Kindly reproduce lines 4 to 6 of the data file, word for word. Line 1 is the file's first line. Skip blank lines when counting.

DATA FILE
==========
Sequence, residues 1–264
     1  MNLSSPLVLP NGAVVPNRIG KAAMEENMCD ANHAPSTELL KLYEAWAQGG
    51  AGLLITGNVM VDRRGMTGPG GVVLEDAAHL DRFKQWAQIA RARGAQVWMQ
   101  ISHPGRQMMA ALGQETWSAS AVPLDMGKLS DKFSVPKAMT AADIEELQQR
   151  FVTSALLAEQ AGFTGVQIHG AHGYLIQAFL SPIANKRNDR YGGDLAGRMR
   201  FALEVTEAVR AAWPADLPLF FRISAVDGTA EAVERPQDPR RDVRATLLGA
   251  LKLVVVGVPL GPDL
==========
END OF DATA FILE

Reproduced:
   101  ISHPGRQMMA ALGQETWSAS AVPLDMGKLS DKFSVPKAMT AADIEELQQR
   151  FVTSALLAEQ AGFTGVQIHG AHGYLIQAFL SPIANKRNDR YGGDLAGRMR
   201  FALEVTEAVR AAWPADLPLF FRISAVDGTA EAVERPQDPR RDVRATLLGA